We thank the following people for comments and suggestions: Huda Ahmed, Eli Berman, Chris Blattman, LTC Liam Collins, LTC Lee Ewing, Jim Fearon, COL Joe Felter, Kelly Grieco, Paul Huth, Kosuke Imai, Radha Iyengar, Stathis Kalyvas, Adam Meirowitz, Ulrich Müller, Doug Ollivant, Ken Schultz, Gaby Guerrero Serdán, Paul Staniland, John Stark, Elizabeth Wood, MAJ Matt Zais, and participants at the 2009 and 2010 annual meetings of the American Political Science Association, the Contentious Politics Workshop at the University of Maryland, College Park, and the Program on Order, Conflict, and Violence colloquium at Yale University, in addition to three anonymous reviewers and the AJPS editors. We thank Josh Borkowski, Zeynep Bulutgil, and Nils Weidmann for coding the district-level estimates of sectarian population. Most importantly, we thank our colleagues at Iraq Body Count for their years of hard work documenting the human costs of the war in Iraq. This material is based upon work supported by the Air Force Office of Scientific Research (AFOSR) under Award No. FA9550–09–1–0314, by the National Science Foundation (NSF) under Award No. CNS-0905086, and by the Army Research Office (ARO) under Award No. W911NF-11–1–0036. Any opinions, findings, and conclusions or recommendations expressed in this publication are those of the authors and do not necessarily reflect the views of the AFOSR, United States Department of Defense, NSF, or ARO. The Supplemental Evidence and data used for this article are available at http://www.princeton.edu/∼jns/.
Who Takes the Blame? The Strategic Effects of Collateral Damage
Version of Record online: 14 SEP 2011
© 2011, Midwest Political Science Association
American Journal of Political Science
Volume 56, Issue 1, pages 167–187, January 2012
How to Cite
Condra, L. N. and Shapiro, J. N. (2012), Who Takes the Blame? The Strategic Effects of Collateral Damage. American Journal of Political Science, 56: 167–187. doi: 10.1111/j.1540-5907.2011.00542.x
- Issue online: 17 JAN 2012
- Version of Record online: 14 SEP 2011
1A & 1B: Shows that measurement error in IBC-based civilian casualty data is unlikely to be nonrandom with respect to levels of insurgent violence.
1C: Provides descriptive statistics for the full country and Sunni, mixed, and Shiite areas.
2A: Shows core results are robust to controlling for preexisting trends in attacks and district FE to pick up predictable heterogeneity in trends.
2B: Shows core results robust to dropping Baghdad.
2C: Shows placebo test on core results.
2D: Shows results of trying to predict civilian casualties with leads of SIGACTs.
2E: Shows core results are not present if difference between lagged attacks and average over t to t+3 is placed on LHS.
2F: Shows core results are stronger in areas with more than the median proportion of their population (48.5%) living in urban areas.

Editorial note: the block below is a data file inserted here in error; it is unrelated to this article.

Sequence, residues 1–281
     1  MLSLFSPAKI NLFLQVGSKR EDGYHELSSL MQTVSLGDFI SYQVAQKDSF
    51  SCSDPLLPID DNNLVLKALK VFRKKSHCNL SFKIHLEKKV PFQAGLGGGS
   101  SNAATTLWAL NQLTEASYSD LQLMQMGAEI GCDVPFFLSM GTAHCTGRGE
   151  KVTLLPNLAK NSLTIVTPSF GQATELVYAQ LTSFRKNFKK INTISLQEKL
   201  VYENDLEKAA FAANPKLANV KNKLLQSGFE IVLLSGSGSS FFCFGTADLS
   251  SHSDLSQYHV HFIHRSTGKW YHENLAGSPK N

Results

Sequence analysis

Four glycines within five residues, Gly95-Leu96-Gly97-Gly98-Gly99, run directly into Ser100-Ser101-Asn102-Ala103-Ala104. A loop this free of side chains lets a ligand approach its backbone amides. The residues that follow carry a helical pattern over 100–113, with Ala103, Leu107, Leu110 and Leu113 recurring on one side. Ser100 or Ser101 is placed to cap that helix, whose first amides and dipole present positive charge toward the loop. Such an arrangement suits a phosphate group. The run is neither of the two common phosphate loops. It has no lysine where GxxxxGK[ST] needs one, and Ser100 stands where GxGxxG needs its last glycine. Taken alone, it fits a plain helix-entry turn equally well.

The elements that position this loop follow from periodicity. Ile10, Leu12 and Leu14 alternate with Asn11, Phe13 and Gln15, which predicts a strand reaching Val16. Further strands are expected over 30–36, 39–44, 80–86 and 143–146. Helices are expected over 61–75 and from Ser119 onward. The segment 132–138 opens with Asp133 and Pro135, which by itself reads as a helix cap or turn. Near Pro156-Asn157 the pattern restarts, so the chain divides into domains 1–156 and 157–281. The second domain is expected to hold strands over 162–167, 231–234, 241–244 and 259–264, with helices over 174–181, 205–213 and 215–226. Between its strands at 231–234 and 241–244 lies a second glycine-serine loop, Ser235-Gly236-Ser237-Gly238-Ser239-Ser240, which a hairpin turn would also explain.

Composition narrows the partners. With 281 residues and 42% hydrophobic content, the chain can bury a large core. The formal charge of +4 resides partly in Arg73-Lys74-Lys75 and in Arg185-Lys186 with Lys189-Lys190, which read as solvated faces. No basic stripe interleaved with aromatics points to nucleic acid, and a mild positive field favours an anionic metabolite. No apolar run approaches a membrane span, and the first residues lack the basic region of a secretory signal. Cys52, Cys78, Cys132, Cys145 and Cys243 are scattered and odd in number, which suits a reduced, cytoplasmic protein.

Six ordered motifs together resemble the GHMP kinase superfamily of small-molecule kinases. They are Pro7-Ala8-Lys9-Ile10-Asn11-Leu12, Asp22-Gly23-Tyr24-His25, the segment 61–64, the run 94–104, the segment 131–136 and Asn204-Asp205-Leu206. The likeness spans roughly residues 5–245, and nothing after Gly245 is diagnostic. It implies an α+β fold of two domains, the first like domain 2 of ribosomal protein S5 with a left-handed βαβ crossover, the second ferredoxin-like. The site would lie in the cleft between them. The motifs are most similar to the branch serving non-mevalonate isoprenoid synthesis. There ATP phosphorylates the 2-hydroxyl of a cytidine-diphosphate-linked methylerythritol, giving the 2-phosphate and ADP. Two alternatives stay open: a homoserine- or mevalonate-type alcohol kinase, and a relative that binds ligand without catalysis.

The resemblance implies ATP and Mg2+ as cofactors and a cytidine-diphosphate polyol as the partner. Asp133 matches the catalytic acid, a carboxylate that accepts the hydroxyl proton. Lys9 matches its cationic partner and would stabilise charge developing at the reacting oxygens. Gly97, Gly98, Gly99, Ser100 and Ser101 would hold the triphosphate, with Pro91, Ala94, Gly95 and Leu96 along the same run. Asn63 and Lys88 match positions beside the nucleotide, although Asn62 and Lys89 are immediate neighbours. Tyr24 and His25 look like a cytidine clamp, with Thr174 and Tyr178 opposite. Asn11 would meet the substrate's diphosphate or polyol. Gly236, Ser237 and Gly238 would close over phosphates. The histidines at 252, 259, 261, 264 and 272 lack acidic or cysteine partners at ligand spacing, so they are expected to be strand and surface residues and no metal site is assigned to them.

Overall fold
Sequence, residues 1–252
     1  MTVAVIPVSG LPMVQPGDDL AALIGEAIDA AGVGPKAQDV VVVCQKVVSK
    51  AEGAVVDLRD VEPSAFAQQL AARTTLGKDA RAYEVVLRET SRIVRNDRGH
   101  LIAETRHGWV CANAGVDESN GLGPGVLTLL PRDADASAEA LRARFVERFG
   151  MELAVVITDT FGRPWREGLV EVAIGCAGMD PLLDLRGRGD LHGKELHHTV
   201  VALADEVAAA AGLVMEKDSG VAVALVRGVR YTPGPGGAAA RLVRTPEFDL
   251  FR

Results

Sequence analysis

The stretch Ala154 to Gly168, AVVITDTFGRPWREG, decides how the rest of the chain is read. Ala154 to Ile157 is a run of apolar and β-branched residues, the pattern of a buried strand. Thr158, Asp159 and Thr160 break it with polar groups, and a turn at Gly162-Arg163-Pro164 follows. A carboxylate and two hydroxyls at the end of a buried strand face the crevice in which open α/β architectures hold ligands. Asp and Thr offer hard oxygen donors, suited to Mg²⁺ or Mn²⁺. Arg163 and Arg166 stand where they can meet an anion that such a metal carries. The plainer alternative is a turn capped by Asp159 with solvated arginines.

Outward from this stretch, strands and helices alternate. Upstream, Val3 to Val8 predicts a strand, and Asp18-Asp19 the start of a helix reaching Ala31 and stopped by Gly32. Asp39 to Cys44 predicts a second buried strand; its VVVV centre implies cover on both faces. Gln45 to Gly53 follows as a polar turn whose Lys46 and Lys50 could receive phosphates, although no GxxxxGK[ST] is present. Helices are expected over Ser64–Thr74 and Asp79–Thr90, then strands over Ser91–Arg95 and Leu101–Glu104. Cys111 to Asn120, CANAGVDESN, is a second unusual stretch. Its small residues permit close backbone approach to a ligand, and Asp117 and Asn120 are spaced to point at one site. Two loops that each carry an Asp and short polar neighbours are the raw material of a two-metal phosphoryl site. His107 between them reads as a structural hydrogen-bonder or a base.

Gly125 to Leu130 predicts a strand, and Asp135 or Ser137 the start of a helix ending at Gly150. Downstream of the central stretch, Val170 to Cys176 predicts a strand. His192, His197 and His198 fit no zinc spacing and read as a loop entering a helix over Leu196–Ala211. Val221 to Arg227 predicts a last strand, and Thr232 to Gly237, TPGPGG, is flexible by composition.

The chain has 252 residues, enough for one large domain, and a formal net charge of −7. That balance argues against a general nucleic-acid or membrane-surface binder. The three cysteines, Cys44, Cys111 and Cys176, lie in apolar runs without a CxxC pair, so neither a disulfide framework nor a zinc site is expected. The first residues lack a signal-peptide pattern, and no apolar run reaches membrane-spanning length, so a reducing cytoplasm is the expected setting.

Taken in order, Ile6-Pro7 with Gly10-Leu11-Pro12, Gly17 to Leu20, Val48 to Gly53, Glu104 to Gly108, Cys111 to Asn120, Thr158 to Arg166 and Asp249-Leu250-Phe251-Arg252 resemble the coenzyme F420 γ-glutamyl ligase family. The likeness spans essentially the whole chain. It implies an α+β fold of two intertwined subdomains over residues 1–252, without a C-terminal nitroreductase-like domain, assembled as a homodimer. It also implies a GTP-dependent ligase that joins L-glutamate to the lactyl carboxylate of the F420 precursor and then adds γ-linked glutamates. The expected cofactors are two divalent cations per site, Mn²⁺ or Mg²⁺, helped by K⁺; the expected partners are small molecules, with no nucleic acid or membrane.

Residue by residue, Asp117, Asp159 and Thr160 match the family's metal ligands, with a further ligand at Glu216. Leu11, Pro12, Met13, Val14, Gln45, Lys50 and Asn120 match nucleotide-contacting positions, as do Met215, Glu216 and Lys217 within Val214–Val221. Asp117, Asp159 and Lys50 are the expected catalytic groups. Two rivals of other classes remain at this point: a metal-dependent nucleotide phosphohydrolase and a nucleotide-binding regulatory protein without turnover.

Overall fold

2G: Shows core results for different kinds of insurgent attacks.
2H: Shows core results on insurgent killings are robust to population-weighting districts. Coalition results become statistically weaker.
2I: Shows core results on insurgent killings are robust to using the log of casualties on the RHS. Coalition results become statistically weaker.
2J: Shows core results in the full regression (column 5) are robust to including the count of incidents by each party on the RHS.
2K: Shows core results in the full regression (column 5) are robust to allowing a mean shift for district-weeks in which civilians are killed.
2L: Shows core results on insurgent killings are robust to including spatial lag of incidents on the RHS. Coalition results become statistically weaker.
2M: Shows core results are robust to allowing mean shift for any week that includes the first day of the month (to which we attribute killings identified through morgue reports).
2N: Shows core results on Coalition killings are robust to dropping the 7.6% of incidents involving both Coalition and insurgent killings. Insurgent results become statistically weaker.
2O: Shows difference between Sunni and mixed districts in Table 4 is robust to dropping the 7.6% of incidents involving both Coalition and insurgent killings.
2P: Shows core results with Coalition and insurgent killings per 100,000 on RHS.
3: Shows the impact of population density and urbanity on civilian casualty ratios.
4: Shows the impact of CERP projects and spending on civilian casualty ratios.
5: Shows effects of a one-SD increase in civilian casualties on rate of insurgent attacks in different periods.
Figure 5A shows an alternative matching solution to that described in the text.
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